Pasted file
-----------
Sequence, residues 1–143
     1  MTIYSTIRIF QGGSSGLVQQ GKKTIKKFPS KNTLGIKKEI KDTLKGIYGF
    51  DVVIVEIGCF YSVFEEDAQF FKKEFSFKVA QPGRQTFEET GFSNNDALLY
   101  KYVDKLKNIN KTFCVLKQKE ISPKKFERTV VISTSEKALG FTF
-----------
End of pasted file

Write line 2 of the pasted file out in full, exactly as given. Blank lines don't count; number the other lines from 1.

     1  MTIYSTIRIF QGGSSGLVQQ GKKTIKKFPS KNTLGIKKEI KDTLKGIYGF